Richland recycling policy disappointing step forward

By the Herald editorial staff

Richland finally has a curbside recycling program.

But it's a bit of a case of, "Be careful what you ask for." The new program and changes to garbage fees may leave some residents unsatisfied.

Richland operates its own utilities, and it may be the only city in the Mid-Columbia with an Environmental Education Office.

It seems natural for Richland to be a leader in recycling, because it not only boasts an environmental emphasis at city hall but also must dispose of its own wastes.

The city started its outreach program in 1996 to educate residents on basic environmental issues, but it's just getting around to curbside recycling in 2010. And what it's offering isn't all-encompassing.

For instance, you can't recycle glass in the new curbside program. You'll still have to haul your bottles to the drop-boxes scattered around town.

And there will be an additional fee of $5.70 a month for curbside recycling. It will be an opt-in, fee-based program, rather than mandatory and part of the monthly bill.

Instead of encouraging participation, the new policies may drive budget-conscious residents away.

In Kennewick, Waste Management picks up recyclables, including glass, set out on the curb for no additional charge.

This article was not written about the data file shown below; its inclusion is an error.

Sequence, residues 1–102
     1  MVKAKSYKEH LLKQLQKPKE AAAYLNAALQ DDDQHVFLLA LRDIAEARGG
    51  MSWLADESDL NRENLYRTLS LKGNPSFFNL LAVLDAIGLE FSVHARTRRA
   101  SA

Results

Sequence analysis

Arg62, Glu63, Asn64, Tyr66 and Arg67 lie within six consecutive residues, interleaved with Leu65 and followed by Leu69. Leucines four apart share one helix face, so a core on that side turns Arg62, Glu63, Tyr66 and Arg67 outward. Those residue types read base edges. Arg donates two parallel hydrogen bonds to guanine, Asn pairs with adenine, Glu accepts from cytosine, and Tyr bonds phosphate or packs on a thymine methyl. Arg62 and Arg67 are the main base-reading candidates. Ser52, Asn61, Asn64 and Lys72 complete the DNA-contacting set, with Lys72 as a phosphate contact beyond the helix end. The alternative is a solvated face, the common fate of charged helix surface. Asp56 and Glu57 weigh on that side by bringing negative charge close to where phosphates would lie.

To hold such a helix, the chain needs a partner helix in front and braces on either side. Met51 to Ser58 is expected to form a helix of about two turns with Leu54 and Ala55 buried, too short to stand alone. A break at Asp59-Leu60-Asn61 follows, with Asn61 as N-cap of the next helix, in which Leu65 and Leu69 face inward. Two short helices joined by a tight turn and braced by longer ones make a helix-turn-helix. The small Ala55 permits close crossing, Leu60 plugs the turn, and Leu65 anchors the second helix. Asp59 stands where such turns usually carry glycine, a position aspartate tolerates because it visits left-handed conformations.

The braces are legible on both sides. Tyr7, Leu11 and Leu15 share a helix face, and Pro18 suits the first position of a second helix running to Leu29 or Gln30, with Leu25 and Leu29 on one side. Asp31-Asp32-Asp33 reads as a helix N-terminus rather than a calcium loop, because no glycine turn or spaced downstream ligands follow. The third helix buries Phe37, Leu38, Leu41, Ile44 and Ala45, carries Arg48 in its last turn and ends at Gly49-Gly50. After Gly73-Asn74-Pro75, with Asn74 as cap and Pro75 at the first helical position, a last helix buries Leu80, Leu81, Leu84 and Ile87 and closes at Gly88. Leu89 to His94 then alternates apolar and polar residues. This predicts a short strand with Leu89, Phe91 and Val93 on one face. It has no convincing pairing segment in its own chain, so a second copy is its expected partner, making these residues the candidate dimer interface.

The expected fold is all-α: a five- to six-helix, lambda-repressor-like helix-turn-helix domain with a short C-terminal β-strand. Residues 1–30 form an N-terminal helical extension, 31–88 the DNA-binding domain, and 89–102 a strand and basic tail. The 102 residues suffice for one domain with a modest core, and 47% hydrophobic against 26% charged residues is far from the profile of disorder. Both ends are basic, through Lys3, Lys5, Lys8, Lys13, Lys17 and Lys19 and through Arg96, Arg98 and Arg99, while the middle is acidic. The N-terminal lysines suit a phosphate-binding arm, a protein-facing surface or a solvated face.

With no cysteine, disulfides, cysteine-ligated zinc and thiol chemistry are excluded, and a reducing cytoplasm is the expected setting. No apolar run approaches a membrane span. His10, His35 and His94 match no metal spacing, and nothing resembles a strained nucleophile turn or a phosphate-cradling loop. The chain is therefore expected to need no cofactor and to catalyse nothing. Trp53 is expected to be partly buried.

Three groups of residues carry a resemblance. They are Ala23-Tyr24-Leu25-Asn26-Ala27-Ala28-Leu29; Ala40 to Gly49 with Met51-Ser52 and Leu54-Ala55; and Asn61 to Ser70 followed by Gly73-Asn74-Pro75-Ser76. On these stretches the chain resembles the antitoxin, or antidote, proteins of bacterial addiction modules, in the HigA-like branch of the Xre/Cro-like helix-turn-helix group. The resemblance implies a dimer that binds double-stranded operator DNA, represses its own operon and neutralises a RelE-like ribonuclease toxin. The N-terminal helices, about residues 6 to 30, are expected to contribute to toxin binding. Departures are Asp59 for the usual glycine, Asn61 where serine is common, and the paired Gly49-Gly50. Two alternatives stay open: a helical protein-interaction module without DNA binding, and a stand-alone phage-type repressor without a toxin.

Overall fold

In Walla Walla's new program, all recyclable items -- except glass -- can be dumped in one large container and wheeled to the curb for pickup. Yakima and other Valley towns have similar programs.

Simple is better. The more hurdles in the path to recycling, the less likely it is people will participate.

Richland residents will receive a yard waste container for grass and tree trimmings, but monthly service will rise from $14.97 to $16.90 a month. That hardly seems fair for the residents of the many condominiums in Richland who lack lawns to mow but still will have to pay for the increase in service.

And the city now will charge residents to use the dump. One of the best perks about living in Richland was the free and unlimited use of the dump.

Now residents will have to pay $10 per trip. Clean waste such as yard waste still can be dumped for free, but who will need that with the new yard waste container hauled away from your curbside every two weeks?

Other cities give their residents free vouchers to drop off wastes at neighborhood transfer stations. It makes sense. If you give people a free means of disposal for their junk, they may keep their homes and yards in better shape.

Don't get us wrong. Richland's plan does add some services, and it is better than nothing. Maybe the number of residents willing to pay extra for curbside recycling will prove us wrong.

But, frankly, we expected more from Richland. It has the infrastructure in place with its own garbage service and dump to manage recycling however it wants and make it easy for residents to be green.

Instead, the city created a two-tiered system for those who want to be efficient in their recycling, with some items taken at curbside and others having to go to drop-off site. At the same time, it is charging for a service that is in the city's best interest and taking away services that were once offered for free.

It will be late spring before most residents can give the program a whirl.

We hope that as the city delivers more information through its upcoming outreach campaign, the new policy's merits will also become clearer.